SENATOR THE HON PENNY WONG

LEADER OF THE OPPOSITION IN THE SENATE

SHADOW MINISTER FOR FOREIGN AFFAIRS

LABOR SENATOR FOR SOUTH AUSTRALIA

OPINION PIECE

16 March 2018

ASEAN IS A MAJOR SECURITY ASSET FOR AUSTRALIA

Labor warmly welcomes ASEAN leaders to Sydney for this week’s ASEAN-Australia Special Summit.

Australia became ASEAN’s first formal dialogue partner under Prime Minister Whitlam in 1974, and Labor appointed the first Australian Ambassador to ASEAN in 2008. The Australian Mission to ASEAN was established in September 2013, and a formal strategic partnership was agreed in 2014.

This Special Summit builds on Australia’s strong history of engagement with ASEAN under governments of both persuasions, and a significant initiative for which the government is to be commended. Australia should and does reach out to the region, and this step in our relationship with ASEAN is the result of just that outreach. It is an initiative which, in government, Labor will certainly seek to develop further.

Bringing together the 10 South East Asian nations, ASEAN remains central to the region’s prosperity and security.

Australia’s relationship with ASEAN is a central plank of Labor’s FutureAsia policy. FutureAsia recognises the critical role that Asia already plays in Australia’s economic development, and the reciprocal role that Australia should play in regional economic, political, cultural, and security affairs.

The world’s economic weight continues to shift to our region. Indonesia is on track to become the world’s fifth biggest economy by 2030 – just 12 years away. In the same timeframe, Asia’s economy will have grown to around the same size as Europe and North America, at about 40 percent of the global economy.

This shift in global economic power is both accompanied by, and presages a significant shift in strategic weight. Maintaining a stable strategic system in our region, anchored in the rule of law, will require stronger partnerships and deeper co-operation.

Labor has a proud tradition of working hard on global and regional structures, from the G20 to APEC to the East Asian Summit. Our support for the East Asia Summit, for example, goes beyond attendance and participation, as important as these are. We provide intellectual and financial resources to strengthen it; make sure the fullest possible range of analytical, policy and planning skills are available to it; and help position it as a leading security forum on the global stage.

The stark fact is that peace and harmony cannot be imposed. The shift of the global strategic balance to Asia means regional powers must give themselves strong, inclusive and transparent institutions to manage regional economic and security issues. Institutions that reflect and respect the individual sovereignty of their members, and discourage hegemony, provide the best way to promote peace and avoid conflict.

As the major regional political institution in its own right, ASEAN remains central to regional security. With its diversity and heterogeneity, ASEAN has enhanced the security of each of its member countries and in the process it has enhanced Australia’s security as well.

As important as ASEAN is, and will continue to be, there are additional arrangements that enhance regional security. The United States has been the major presence in the region since the Second World War, with a network of treaties and arrangements including with Japan, South Korea, the Philippines, Thailand – and of course its alliance with Australia. This network has underpinned the region’s stability, security and prosperity to the mutual and collective benefit of all.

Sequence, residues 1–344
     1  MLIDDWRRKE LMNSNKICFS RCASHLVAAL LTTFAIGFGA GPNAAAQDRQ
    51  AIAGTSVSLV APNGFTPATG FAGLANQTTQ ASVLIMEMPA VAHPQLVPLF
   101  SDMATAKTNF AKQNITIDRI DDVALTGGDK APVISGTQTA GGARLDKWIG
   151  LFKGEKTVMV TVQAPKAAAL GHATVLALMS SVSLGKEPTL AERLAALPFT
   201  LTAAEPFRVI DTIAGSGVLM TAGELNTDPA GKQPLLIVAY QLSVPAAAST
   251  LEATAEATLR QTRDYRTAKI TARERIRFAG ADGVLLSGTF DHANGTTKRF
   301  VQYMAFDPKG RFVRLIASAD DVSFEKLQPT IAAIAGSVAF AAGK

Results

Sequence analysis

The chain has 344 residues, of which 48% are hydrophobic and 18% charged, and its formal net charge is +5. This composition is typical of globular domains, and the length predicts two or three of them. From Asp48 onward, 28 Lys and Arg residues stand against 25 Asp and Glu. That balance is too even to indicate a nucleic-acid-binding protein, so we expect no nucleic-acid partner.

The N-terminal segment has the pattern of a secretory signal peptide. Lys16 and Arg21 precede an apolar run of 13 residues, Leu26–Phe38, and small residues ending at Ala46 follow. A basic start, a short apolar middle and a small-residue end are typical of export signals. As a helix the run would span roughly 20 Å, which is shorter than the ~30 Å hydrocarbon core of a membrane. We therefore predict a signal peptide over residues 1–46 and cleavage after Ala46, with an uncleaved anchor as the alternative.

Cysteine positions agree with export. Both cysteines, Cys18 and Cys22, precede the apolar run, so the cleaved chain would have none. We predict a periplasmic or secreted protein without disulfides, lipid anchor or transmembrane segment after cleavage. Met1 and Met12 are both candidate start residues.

Australia’s Defence Cooperation programs in place throughout Asia deliver professional development and policy planning skills that build both national capacity and regional confidence.

Other forums have buttressed ASEAN’s security initiatives by bringing countries in the region together in shared pursuits. The Five Power Defence Arrangements, established in 1971 by Australia, Malaysia, New Zealand, Singapore and the UK, continue to support the security interests of the partners. The key to the FPDA’s continuing relevance is that, like ASEAN itself, it gets on with its business without fuss or fanfare.

The recently established Quadrilateral – involving officials from Australia, India, Japan and the US – can play a similarly valuable complementary role. It makes a space for four like-minded, trading democracies to share their thoughts on regional security. The high-level discussions add another layer of cooperation to the intersecting bilateral and multilateral activities in place across the region.

Defence exercises, particularly naval exercises, with these countries and others in the region also play a critical role in building operational understanding and confidence which in turn is vital for the security of the Indo-Pacific. Working with neighbours builds confidence and transparency in what is a remarkably diverse region. From India in the west, to Australia in the south, to China and Japan in the north, to the US in the east, the nations of the Indo-Pacific must invest in the region’s economic, political and security institutions if they are to generate the stability and prosperity that are the determinants of long-term regional security.

ASEAN comes into its own as the core that gives regional security its coherence and credibility. Adding the Quadrilateral to the regional mix of dialogues and defence arrangements can only reinforce ASEAN’s central structures and institutions.

This piece was originally published in the Australian Financial Review on Friday, 16 March 2018.

All electoral communications authorised by Noah Carroll ALP Canberra.